I'll move the loft sensor on the weekend. I could even cable tie it to the back of the unit so that it is in the flow of air being drawn through the unit.
    Originally posted by Andy_WSM
    THats what I have done with mine. Cable tied it to the grille at the back of the unit where the coil is. I notice that when the unit comes on the air temp drops as its pulling air in from across the garden ,closer to the house is always warmer.
    • richardc1983
    • By richardc1983 11th Mar 09, 12:45 PM
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    richardc1983
    U will need to flush through the coil once a year with water, despite it not being in a very dirty environment the dust and fibres in the loft will clog up the coil, the only way to get rid of these is flowing water.
  • samtheman1k
    THats what I have done with mine. Cable tied it to the grille at the back of the unit where the coil is. I notice that when the unit comes on the air temp drops as its pulling air in from across the garden ,closer to the house is always warmer.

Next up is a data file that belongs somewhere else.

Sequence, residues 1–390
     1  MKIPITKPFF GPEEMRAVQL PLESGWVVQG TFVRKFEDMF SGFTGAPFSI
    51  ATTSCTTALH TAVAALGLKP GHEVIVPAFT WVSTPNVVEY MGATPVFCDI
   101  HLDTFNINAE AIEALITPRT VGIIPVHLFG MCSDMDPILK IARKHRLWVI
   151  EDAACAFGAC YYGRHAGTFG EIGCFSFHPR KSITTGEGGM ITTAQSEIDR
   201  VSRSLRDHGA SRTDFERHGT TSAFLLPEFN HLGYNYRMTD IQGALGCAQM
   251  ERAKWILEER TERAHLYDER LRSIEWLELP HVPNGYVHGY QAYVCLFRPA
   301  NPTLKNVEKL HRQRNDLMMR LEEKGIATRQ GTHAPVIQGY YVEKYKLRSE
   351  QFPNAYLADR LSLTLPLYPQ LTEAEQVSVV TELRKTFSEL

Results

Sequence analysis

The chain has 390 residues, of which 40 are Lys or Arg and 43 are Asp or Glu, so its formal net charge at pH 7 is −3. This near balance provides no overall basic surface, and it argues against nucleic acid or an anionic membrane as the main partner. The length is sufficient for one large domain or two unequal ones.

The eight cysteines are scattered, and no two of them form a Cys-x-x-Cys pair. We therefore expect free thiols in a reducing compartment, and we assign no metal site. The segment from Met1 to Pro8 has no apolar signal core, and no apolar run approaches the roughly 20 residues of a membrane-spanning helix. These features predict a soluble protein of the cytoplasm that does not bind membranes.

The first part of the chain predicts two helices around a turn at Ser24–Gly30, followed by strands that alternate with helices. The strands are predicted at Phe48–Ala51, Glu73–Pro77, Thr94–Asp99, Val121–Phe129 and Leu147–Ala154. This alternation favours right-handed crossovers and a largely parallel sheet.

Originally posted by richardc1983
    However, the air flow itself will cool down the thermometer, it's just like a wind and water in the atmosphere will hit the thermometer, evaporate and cool it down to below the ambient.
    • richardc1983
    • By richardc1983 11th Mar 09, 6:56 PM
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    richardc1983
    not a sealed thermometer measuring only air temp.
  • samtheman1k
    I can't find who or what thread it was, but whoever was claiming that heat pumps needed a qualified engineer to maintain them at least once a year, here is the official information from Mitsubishi on maintenance:

    Ecodan does not need an annual service by a refrigeration engineer. However an annual service by an Approved Ecodan Installer to carry out a visual inspection, ensure that the heat exchanger is clean and the power terminal blocks are tight every 12 months is required.